Our dominant mute swans are nesting in the lagoon and the male is showing no mercy to any intruders in his territory. Pictured above is a fight downstream last week and today we nearly had to rescue a swan that the dominant male was trying to drown. It was too weak to fly away and attempted, instead, to climb out onto the bank but it got stuck between some shrubs with part of its body still vulnerable and the other swan tried to drag it back into the river. We had just set off in our boat to rescue it when it made one final effort to free itself and managed to crawl onto the towpath. Meanwhile, another mute swan was swimming downstream and distracted the male which turned his attention to the other intruder. We watched as the exhausted swan on the towpath waddled as far away from the river as it could, flopping down in the grass for regular rests. We were worried that it would be attacked by a dog but it managed about an hour's rest before the dominant swan decided to hunt it down on land. As soon as the beaten swan saw the aggressor approach at speed it tried to run then thought better of it and finally managed to take off and escape. So determined was the dominant mute to see off its rival that after returning to the river it flew back onto the towpath half an hour later to make sure that its rival had really gone.
Bidou, meanwhile, continues to make herself scarce and is often to be found at the far end of Platts Eyot. Yesterday evening we saw her with a young mute swan so it would seem that she continues to favour mute swans over her own Ozzie kind! She occasionally sneaks down here for some wheat but is instantly chased away by the dominant mute if he's around.
Garricks Ait in the early evening
The weather has been lovely recently and we've enjoyed a few boat trips, partly to see what Bidou is up to. The river is particularly attractive towards the end of the day when the light is low and golden.
HB is back!
Madam is back again this year in her favourite spot, a hanging basket right outside our patio doors. She appeared on the deck last week and kept looking at me and then up to the spot where her previous nest, a hanging basket, had been. We'd removed it for the winter but she left me in no doubt as to her wishes. Dave thought I was imagining it but when I gave in and hung up a basket she flew straight into it. Unfortunately I hadn't been able to find her old basket and the replacement one was rather small. She soon poked her beak through its lining too, so Dave repaired it for her but she didn't think much of the substitute lining and ripped it out. She was also having a problem with the basket's small size and I realized that it would never accommodate both her and 12 - 14 eggs. She was showing signs of desperation so I searched around for a larger, more stable hanging basket and, within two minutes of putting that one in place for her she had taken up residence. Two hours later she had produced her first egg.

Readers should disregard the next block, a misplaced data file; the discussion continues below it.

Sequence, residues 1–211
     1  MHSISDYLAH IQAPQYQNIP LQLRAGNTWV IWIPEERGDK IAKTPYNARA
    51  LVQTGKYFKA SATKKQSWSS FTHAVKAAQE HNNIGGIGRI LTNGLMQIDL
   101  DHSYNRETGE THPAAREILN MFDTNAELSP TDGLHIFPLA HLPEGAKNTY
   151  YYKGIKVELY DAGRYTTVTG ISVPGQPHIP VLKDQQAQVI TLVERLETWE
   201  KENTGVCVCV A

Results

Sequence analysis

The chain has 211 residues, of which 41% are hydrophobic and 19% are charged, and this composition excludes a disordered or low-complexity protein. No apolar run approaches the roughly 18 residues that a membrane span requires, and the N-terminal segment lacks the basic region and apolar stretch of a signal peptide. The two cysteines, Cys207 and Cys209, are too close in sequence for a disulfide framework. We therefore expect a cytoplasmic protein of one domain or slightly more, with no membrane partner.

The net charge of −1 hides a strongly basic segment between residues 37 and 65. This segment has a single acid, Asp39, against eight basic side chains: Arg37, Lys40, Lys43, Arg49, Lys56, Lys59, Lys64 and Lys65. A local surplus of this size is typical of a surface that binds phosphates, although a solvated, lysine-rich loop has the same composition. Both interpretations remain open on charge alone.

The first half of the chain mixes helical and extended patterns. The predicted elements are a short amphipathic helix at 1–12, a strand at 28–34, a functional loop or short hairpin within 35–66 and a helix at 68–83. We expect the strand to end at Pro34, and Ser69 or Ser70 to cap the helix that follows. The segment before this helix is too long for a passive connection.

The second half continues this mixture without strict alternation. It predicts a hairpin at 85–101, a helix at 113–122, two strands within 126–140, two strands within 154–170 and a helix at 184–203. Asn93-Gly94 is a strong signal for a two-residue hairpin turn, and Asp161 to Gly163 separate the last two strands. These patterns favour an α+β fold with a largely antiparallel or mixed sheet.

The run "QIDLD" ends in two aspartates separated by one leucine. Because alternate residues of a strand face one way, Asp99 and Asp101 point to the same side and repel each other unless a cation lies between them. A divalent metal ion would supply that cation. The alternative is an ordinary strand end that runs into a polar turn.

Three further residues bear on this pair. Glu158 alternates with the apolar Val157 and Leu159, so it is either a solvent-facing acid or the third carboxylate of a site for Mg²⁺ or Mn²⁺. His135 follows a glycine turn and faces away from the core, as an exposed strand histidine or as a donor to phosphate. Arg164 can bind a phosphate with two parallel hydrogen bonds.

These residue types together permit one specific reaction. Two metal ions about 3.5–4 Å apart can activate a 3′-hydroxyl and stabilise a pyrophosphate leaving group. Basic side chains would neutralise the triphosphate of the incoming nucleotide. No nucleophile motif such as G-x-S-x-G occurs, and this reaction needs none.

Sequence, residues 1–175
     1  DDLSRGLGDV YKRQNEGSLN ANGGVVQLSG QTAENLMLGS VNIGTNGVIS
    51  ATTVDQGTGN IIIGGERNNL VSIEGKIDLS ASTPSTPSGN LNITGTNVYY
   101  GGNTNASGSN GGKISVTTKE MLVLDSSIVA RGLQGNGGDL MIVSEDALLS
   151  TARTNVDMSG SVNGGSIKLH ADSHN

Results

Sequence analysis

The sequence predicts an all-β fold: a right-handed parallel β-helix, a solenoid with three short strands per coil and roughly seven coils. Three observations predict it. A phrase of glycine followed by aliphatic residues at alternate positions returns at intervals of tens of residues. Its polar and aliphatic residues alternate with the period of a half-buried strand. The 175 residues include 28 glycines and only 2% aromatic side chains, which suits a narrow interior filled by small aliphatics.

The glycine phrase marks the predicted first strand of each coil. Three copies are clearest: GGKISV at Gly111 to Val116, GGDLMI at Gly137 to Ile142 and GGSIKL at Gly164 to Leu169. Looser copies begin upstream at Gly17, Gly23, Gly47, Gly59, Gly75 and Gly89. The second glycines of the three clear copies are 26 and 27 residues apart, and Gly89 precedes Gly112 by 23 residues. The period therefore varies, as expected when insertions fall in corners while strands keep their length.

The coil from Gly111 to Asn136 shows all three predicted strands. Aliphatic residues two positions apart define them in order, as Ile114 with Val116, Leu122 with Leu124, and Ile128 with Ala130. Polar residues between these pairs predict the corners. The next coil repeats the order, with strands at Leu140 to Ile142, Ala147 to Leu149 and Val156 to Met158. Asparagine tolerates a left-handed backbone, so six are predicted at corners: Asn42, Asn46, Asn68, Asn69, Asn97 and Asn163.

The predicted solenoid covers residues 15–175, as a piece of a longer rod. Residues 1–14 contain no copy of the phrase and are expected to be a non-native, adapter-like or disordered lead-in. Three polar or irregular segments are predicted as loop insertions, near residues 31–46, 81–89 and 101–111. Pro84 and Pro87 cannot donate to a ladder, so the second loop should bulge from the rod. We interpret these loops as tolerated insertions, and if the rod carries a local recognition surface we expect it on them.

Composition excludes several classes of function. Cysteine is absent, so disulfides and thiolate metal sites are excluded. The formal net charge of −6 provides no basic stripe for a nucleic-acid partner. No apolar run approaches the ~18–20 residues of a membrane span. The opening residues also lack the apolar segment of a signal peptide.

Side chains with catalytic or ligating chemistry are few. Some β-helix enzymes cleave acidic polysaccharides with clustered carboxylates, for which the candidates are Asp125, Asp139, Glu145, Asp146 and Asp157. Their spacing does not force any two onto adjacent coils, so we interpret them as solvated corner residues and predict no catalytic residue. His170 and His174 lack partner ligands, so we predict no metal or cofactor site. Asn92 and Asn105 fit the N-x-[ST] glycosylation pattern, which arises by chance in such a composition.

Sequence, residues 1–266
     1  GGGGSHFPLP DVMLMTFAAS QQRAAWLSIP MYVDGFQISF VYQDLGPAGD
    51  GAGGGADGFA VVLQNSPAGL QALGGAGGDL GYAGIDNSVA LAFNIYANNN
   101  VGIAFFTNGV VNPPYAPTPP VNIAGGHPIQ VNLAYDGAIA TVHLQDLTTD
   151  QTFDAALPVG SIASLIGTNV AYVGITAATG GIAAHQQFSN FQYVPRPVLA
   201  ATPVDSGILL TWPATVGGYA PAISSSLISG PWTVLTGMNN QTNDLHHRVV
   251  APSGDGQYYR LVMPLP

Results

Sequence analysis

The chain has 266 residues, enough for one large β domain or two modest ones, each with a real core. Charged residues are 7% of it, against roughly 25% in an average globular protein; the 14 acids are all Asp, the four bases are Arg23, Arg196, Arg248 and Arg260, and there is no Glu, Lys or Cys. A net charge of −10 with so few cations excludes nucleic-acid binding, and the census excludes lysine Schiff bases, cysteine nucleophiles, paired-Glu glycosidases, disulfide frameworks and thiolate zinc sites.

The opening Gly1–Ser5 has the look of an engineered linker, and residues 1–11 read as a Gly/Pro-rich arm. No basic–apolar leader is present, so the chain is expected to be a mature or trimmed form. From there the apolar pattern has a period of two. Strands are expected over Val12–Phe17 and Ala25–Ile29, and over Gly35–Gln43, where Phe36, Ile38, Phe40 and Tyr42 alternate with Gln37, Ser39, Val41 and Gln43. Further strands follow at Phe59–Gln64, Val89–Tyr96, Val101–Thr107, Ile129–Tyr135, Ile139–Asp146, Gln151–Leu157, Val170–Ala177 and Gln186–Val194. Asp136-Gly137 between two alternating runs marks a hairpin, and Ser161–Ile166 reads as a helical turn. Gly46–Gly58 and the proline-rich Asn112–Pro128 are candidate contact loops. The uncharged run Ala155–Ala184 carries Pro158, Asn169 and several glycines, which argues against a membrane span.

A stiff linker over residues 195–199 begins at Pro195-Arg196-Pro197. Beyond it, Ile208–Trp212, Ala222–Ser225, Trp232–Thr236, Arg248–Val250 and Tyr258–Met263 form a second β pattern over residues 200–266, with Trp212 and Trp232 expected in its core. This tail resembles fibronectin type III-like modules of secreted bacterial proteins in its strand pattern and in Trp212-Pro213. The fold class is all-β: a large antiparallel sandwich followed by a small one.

HB settles in
It's a very safe place to nest because neither the fox nor the mink can reach her and she's partly under cover from the house which means that magpies and crows can't steal her eggs. We have to walk past her every time we want to use our day boat but she has obviously got used to us now since she hardly bothers to look up when we pass under her nest.
Sunset over Hurst Park
A couple of weeks ago we had some colourful sunsets. The sky looks so lovely through the bare branches of the trees. Now that the clocks have been moved forward the days are longer and the sunsets gradually move round towards the other side of the island by mid June.
The tree outside our garden has grown so much over the years and it blooms at least twice most years though the second display of flowers is never as stunning.
Black Cap . . . with a red head!
We've had a pair of Black Caps in the garden since February but the male, which does have a black cap, has disappeared, probably caught by one of the many island cats. The female, pictured above, spends most of her time in the garden but is on her own now so she probably won't breed this year. Much as I love cats I resent the harm they do to so many garden birds. On the subject of predators, however, the most lethal one on four legs is back on Taggs Island. The vicious North American mink has been spotted at both ends of the island and I've seen him at close quarters twice now in the past few days, running from next door's garden through ours and making his way towards the upstream end of the island. It's very bad news for most water birds.